This presentation lead to a publication - read it below.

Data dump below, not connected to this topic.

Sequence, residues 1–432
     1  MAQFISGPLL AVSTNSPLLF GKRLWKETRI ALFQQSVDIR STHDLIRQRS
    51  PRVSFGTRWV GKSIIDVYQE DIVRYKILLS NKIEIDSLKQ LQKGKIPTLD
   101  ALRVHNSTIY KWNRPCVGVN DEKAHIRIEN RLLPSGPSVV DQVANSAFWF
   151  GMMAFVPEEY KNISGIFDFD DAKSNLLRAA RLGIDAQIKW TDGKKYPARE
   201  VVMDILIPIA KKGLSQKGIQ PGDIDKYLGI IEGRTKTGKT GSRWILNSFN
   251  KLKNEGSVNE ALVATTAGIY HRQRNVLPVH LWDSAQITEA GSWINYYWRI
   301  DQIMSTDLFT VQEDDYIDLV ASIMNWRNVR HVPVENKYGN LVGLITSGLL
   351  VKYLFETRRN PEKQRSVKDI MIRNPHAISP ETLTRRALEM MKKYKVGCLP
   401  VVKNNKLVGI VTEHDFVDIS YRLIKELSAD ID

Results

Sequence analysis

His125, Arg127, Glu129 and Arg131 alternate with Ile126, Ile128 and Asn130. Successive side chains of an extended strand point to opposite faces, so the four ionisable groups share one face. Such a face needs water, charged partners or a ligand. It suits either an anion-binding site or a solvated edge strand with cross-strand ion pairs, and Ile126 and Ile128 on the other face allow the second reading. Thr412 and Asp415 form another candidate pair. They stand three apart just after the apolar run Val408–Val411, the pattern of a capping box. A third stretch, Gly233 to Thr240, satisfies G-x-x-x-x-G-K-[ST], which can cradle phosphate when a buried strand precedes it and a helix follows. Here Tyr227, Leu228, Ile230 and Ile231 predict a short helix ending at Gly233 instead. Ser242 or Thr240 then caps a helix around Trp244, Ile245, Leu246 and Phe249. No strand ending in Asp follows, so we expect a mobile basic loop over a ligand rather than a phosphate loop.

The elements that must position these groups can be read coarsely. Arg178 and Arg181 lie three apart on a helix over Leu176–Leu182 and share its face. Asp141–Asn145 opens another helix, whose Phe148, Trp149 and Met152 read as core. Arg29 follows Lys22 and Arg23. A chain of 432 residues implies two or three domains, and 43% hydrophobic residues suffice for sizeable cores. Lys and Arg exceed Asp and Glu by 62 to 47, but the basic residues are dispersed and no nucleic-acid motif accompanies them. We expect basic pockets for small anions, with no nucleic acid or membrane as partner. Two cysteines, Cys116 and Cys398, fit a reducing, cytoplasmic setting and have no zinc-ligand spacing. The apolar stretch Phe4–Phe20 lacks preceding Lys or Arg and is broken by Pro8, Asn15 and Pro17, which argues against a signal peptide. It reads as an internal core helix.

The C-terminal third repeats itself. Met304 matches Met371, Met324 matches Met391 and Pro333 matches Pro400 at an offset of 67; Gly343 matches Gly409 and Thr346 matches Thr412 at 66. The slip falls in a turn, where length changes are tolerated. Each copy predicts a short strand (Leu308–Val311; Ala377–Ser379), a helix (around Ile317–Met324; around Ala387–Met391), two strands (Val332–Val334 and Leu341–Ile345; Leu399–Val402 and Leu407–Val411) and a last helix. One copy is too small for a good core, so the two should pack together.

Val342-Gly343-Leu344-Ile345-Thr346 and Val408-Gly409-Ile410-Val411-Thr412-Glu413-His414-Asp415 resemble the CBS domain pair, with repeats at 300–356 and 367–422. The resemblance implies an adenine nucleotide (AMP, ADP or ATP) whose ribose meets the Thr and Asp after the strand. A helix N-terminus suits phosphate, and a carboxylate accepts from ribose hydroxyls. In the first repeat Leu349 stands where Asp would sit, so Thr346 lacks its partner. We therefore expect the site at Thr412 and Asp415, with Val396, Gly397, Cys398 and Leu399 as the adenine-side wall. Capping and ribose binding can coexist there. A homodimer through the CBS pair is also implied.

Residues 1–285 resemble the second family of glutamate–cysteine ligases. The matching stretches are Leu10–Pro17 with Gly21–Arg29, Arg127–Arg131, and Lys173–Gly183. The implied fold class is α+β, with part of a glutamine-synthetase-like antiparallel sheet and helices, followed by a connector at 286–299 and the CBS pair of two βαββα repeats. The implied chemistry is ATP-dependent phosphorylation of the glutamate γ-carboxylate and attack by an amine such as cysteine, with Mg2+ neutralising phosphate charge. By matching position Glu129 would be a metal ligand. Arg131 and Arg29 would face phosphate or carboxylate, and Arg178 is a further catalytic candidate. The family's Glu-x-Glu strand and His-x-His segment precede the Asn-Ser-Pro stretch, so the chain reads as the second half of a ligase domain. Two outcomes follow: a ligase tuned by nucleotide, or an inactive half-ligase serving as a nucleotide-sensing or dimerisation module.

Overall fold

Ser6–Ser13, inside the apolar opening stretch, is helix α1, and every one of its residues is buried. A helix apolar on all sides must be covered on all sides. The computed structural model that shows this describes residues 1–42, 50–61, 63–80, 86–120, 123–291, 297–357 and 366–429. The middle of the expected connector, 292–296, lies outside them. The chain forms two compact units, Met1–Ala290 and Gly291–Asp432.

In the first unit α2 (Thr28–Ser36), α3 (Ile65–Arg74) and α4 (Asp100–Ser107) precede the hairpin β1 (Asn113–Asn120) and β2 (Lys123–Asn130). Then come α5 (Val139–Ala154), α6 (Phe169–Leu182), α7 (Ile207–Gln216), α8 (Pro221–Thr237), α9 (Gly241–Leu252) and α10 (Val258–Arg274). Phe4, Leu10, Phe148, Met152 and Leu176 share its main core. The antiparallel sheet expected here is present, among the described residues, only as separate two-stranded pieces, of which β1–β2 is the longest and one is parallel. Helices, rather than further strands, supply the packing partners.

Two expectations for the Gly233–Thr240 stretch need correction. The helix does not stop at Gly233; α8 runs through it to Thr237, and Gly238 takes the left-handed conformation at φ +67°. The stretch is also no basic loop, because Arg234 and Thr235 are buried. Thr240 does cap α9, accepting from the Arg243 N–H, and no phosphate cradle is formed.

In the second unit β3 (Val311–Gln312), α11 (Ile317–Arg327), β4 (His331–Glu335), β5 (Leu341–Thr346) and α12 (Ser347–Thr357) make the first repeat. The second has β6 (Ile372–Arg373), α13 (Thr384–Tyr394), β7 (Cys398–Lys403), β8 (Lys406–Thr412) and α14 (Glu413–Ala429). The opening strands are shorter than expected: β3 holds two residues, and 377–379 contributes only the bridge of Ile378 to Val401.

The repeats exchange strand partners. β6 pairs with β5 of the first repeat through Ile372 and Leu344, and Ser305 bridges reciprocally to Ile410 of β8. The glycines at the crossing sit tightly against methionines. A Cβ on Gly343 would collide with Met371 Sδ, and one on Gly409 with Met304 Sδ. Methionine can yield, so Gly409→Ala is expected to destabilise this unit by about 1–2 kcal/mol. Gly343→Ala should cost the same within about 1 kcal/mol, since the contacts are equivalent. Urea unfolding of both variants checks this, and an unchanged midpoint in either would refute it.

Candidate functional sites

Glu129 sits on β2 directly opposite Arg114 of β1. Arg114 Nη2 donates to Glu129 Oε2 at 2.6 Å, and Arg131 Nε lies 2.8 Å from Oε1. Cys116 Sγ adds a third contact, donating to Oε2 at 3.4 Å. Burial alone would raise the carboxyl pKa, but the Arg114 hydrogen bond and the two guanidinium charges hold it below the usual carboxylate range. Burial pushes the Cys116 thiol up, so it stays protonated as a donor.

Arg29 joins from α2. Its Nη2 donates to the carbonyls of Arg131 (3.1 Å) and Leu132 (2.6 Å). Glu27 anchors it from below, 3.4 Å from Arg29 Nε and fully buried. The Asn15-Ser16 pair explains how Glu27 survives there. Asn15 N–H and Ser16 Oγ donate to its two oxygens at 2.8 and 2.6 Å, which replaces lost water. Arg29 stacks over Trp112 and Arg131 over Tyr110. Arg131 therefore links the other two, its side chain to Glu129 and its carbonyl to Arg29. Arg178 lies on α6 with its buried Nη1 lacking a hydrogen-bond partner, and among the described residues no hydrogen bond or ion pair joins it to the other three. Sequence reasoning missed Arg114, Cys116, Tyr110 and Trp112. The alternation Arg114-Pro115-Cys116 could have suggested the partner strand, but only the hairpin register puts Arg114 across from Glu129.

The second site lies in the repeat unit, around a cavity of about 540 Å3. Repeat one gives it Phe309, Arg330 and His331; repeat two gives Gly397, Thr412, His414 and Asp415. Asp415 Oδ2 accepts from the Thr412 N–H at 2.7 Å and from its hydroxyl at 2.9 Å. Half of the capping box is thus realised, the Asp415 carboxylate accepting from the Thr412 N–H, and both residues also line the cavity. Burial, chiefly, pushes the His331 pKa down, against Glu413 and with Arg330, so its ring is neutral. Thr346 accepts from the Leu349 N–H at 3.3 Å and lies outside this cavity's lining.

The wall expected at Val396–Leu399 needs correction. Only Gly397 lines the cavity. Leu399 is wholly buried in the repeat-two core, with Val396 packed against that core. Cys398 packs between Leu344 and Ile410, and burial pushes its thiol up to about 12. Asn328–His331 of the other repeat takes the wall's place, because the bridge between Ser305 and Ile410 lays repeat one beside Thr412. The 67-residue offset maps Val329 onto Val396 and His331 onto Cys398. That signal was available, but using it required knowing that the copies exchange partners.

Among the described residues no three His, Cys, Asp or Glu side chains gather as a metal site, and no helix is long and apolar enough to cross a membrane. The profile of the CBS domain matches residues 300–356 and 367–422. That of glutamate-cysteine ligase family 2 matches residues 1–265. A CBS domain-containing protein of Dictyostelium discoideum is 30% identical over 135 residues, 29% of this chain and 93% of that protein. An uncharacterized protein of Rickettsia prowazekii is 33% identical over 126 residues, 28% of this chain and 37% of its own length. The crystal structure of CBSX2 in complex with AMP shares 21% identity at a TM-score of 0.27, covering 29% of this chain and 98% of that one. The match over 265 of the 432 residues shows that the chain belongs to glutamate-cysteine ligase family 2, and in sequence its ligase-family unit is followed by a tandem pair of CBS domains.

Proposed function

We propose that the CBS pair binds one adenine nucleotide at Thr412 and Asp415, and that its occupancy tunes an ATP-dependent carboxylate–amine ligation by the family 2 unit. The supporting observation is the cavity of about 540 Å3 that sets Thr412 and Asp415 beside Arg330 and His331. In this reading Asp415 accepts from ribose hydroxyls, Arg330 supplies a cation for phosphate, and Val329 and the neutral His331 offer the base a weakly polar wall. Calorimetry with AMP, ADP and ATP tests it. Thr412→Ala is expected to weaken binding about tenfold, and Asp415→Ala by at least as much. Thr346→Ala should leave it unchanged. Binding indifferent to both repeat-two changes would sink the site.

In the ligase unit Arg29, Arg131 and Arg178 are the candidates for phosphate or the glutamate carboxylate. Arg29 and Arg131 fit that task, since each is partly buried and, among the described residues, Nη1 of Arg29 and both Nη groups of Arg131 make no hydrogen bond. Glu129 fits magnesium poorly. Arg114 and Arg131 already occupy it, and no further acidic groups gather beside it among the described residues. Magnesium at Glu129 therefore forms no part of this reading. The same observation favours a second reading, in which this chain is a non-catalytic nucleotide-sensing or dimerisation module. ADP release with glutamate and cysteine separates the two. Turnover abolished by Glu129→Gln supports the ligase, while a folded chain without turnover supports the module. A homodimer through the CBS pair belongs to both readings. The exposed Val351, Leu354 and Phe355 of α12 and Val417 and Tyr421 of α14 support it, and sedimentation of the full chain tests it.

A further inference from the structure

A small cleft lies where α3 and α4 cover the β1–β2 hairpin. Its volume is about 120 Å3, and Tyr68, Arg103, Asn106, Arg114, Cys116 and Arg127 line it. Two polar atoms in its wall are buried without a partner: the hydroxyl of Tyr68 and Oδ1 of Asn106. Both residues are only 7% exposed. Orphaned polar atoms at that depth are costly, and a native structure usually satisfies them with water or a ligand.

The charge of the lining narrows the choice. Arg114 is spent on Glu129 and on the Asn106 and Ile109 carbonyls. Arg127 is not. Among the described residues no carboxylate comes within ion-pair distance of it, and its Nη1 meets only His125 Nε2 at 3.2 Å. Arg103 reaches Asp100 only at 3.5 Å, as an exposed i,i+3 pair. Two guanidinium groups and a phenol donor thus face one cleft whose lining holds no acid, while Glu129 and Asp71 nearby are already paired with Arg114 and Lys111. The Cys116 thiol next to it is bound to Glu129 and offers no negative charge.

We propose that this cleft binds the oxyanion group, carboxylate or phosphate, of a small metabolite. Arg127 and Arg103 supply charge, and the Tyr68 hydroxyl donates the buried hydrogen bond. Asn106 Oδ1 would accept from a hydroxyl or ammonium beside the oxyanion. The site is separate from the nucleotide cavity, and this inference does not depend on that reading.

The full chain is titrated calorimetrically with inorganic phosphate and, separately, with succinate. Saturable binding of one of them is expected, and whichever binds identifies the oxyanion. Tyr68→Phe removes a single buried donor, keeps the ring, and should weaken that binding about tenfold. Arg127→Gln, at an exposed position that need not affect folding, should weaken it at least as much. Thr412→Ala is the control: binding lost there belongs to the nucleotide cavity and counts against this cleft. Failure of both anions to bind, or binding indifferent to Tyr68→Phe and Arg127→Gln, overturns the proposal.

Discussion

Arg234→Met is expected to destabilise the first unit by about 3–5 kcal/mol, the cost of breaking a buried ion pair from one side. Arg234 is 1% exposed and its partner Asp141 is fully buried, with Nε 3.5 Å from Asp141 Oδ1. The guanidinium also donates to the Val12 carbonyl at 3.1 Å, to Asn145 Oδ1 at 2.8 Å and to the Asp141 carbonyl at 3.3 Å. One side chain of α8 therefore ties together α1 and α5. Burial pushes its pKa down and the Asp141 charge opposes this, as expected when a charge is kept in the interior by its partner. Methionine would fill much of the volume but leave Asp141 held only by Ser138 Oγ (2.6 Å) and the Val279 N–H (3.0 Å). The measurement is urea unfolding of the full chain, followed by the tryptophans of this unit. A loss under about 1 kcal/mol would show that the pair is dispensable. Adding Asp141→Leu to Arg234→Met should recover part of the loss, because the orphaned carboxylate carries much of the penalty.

Round and anatomical implants are used throughout the world for breast augmentation. However, controversy persists as to which provides the most aesthetically pleasing results, with a paucity of evidence comparing the cosmetic outcome of the two shapes. Many argue that in the majority of patients it is impossible to tell whether augmentation has been carried out using anatomical or round implants. We performed a live global ballot at the London Breast Meeting 2016 to determine whether delegates from around the world could determine the shape of implants used to augment 50 patients. Delegates attending and viewing online at the London Breast Meeting 2016 were shown fifty consecutive photographs showing face on and lateral, pre- and post-operative images of patients having undergone breast augmentation with round and anatomical implants. All patients had a BMI of between 18 and 25, with implants between 200 and 320 ml and a starting cup size of A or B. Delegates were asked to determine what shape of implant had been used for each patient using the online voting system via the London Breast Meeting mobile app. Thirty-one patients had anatomical implants and 19 had round implants. Shape of implant was guessed correctly on average 58% of the time. Round implants were guessed correctly 63% of the time while anatomical implants were guessed correctly 54% of the time. Almost half of clinicians were unable to accurately identify implant shape. This is a finding consistent with other similar studies. At the American Society of Aesthetic Surgeons Meeting 2014, 250 Board-certified Plastic Surgeons were shown 20 sets of pre- and post-operative patient photographs and asked to vote electronically on whether implants were round or anatomical. Delegates were correct 46% of the time. Al-Ajam et al performed a blinded study asking 22 Plastic Surgeons to review pre- and post-operative photographs of 60 consecutive patients (33 round; 27 anatomical implants) that had undergone breast augmentation by a single surgeon. 63% of round and 49% of anatomical implants were correctly identified (mean 56%). Friedman et al asked eleven plastic surgeons to identify between round and anatomical implants after looking at photographs of 30 breast augmentation patients (15 round; 15 anatomical). 64% of round and 47% of anatomical implants were identified correctly (mean 55%). Although subjective in their outcome analysis, studies have shown good aesthetic results with both round and anatomical implants. Bronz compared round textured noncohesive gel filled implants with naturally shaped implants and found that on photographic examination it was nearly impossible to determine any aesthetic difference between the two. In their recent randomised controlled trial, Hidalgo and Weinstein found no observable difference in breast aesthetics between anatomical and round implants when assessed by either Plastic Surgeons or lay individuals. Our study and others demonstrate the difficulty in determining whether breast augmentations have been carried out using round or anatomical implants, even amongst experienced Plastic Surgeons. We believe that the achievement of a desirable aesthetic outcome is not dependent upon the shape of the implant used. This is supported by Hamas6 who demonstrated radiologically that both round and anatomical implants had similar shapes when standing. As many as 50 different factors influencing results in breast augmentation have been identified highlighting that careful physical examination combined with a detailed assessment of the patient’s desires are central to achieving a good result. It is clear that in the hands of experienced surgeons, the shape of implant is not the determining factor in aesthetic outcome with both round and shaped devices able to produce a natural aesthetic outcome.